This Sunday we will celebrate the feast of All Saints’. This is one of the Principal Feasts of the Church and one that can take precedence over regular Sunday readings. All that fancy church talk means that All Saints’ Day is a pretty big deal in The Episcopal Church.
Given the importance of this day in the life of our church, you might expect that we Episcopalians would have a clear understanding of what we mean by “saint.” We use the term to refer to the “whole family of God…bound together in Christ by sacrament, prayer, and praise”; but we also use it to refer to individuals who have been identified as “chosen vessels of [God’s] grace and the lights of the world in their generations.”
Unlike our brothers and sisters in the Roman Catholic church, we do not have a precise process to “make someone a saint.” We only call a very small number of folks “saint,” and that list is in the prayer book and confined to people from the Bible or the early period of the Church. We do have some guidelines on who should be remembered in our calendar of Lesser Feasts and Fasts, some of which are being a real person; being a baptized Christian; and being deserving of remembrance.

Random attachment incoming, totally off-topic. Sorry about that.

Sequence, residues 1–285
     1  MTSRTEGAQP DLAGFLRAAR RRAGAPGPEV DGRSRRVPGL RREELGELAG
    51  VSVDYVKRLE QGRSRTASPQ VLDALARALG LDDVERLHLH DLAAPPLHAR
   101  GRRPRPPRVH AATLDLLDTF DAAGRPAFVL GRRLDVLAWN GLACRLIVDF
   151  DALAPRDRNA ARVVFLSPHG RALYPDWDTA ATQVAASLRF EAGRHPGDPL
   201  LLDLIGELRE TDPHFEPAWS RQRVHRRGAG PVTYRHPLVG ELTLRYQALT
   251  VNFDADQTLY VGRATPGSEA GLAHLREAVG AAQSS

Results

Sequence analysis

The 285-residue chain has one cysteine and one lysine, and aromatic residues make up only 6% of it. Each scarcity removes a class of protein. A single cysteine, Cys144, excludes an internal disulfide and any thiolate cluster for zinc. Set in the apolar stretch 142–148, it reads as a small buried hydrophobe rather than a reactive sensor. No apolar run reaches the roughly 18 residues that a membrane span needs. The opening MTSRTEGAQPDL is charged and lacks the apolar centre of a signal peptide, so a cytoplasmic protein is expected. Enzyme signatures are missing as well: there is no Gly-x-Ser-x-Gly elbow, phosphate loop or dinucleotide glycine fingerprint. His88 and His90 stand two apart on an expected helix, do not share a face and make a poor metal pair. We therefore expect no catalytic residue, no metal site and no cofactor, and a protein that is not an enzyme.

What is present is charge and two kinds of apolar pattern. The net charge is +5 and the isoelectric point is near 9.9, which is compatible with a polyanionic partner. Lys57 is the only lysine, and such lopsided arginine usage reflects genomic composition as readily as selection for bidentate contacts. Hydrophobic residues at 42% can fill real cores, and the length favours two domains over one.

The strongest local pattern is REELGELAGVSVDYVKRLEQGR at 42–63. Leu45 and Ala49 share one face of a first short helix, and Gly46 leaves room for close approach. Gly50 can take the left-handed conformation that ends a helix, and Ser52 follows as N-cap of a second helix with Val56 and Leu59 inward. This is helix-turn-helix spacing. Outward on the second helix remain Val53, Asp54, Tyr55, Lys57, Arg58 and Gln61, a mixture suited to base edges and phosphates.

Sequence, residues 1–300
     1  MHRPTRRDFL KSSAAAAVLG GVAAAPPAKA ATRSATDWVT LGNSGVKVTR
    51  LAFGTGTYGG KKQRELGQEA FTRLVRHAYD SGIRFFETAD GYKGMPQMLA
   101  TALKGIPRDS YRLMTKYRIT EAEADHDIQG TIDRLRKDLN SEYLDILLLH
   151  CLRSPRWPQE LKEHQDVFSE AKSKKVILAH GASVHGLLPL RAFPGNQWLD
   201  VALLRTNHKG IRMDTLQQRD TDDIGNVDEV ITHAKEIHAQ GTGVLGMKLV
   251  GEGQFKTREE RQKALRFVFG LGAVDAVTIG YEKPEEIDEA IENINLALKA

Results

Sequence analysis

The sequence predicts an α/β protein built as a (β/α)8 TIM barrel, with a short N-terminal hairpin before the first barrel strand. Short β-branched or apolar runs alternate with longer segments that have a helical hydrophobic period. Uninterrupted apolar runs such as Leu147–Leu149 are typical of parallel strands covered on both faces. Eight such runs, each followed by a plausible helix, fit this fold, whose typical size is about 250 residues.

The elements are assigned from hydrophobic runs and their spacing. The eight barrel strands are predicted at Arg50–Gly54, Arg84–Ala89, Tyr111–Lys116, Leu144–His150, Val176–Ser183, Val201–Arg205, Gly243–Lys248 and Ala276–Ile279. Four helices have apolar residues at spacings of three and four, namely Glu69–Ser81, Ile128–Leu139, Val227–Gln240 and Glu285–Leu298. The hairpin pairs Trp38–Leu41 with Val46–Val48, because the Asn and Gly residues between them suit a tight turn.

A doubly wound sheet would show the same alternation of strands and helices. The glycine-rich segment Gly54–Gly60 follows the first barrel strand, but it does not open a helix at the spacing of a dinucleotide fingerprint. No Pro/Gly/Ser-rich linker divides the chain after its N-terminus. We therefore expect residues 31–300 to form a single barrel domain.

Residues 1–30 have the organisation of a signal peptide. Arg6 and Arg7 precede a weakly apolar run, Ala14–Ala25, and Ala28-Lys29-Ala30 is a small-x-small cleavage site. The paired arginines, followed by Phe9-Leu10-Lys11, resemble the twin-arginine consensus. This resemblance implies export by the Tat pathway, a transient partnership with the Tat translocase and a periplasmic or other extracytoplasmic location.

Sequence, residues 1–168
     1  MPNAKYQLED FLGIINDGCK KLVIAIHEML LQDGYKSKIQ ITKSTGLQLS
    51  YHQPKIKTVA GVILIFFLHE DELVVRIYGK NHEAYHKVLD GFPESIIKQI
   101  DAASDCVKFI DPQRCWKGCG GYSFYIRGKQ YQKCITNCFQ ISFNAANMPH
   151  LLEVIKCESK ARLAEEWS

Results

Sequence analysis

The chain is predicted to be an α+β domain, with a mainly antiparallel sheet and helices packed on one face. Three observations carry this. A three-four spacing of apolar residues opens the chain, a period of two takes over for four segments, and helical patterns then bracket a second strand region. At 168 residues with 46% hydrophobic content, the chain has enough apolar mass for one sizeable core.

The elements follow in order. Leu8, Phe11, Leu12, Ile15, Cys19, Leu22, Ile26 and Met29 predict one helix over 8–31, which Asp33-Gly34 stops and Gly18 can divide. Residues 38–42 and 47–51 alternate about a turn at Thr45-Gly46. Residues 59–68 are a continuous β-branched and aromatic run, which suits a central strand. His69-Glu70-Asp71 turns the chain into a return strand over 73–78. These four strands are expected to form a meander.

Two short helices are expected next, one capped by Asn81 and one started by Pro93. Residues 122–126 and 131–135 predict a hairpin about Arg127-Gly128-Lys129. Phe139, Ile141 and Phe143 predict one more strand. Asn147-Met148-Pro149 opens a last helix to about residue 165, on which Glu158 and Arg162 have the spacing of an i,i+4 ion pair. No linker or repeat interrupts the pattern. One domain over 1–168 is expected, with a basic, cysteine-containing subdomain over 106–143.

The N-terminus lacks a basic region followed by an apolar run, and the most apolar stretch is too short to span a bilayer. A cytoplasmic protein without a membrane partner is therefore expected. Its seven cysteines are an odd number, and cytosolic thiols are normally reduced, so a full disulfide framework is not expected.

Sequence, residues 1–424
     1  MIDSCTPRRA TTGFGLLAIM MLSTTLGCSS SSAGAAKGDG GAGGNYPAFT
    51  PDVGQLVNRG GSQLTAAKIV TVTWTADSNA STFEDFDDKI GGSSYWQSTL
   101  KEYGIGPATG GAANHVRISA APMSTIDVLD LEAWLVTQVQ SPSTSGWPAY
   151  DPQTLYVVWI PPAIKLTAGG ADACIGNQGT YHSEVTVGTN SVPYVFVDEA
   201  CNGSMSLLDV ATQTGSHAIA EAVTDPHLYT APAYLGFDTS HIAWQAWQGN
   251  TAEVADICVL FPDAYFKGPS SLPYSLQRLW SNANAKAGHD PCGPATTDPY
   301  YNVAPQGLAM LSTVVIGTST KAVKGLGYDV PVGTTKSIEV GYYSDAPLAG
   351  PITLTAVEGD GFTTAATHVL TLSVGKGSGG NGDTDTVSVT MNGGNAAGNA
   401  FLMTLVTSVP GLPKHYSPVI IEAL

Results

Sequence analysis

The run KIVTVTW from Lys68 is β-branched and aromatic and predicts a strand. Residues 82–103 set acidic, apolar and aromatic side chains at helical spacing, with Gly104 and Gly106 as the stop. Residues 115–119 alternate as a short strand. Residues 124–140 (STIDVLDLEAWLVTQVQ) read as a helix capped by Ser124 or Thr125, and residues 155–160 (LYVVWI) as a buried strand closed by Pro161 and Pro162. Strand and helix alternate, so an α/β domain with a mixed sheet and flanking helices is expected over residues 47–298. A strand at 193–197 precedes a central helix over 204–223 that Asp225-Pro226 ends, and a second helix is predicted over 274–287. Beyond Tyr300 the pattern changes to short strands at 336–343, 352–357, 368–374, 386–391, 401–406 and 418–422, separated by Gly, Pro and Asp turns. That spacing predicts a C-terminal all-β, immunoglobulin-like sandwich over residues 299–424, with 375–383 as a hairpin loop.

One of my favorite “almost saints” is Dorothy Day. She is on track to canonization in the Roman Catholic Church and has a devoted following with The Episcopal Church. I think Day is a particularly relevant saint for the 21st century. She dropped out of college, was a journalist, was an activist for women’s voting rights; she partied and drank; she rejected Christianity; and had a child outside of traditional marriage. But she found her way back to God and to the importance of the Church and brought her activism and gifts to her ministry in the world.
Day is often quoted as saying: “Don’t call me a saint, I don’t want to be dismissed that easily.” I do hope that has the process of making Day a saint, we don’t polish off all those rough edges of her life that are so important to understanding the work she would do in service to Christ. We have a tendency viewing those that we call saints as doing impossible things, and that keeps them at a safe distance from us.
As we celebrate All Saints’ Day, I am glad that The Episcopal Church has left some ambiguity in the definition. I am glad that I can remember and be inspired by the saints that did the impossible, like St. Mary the mother of Jesus or St. Francis of Assisi. But I am also glad that I am able to remember those saints that lived lives that seem more possible, like my grandmother Christine, who taught me to love the prayerbook, my grandfather Charles, who taught me to love history and family, or Dorothy Day, who taught me that being a “saint” is not about perfection but is about being fully human and being fully open to the Holy Spirit in our lives.
Who is a “saint” in your life that you want to remember? Join us this Sunday at 6 pm to celebrate all the saints and stay for supper following the service.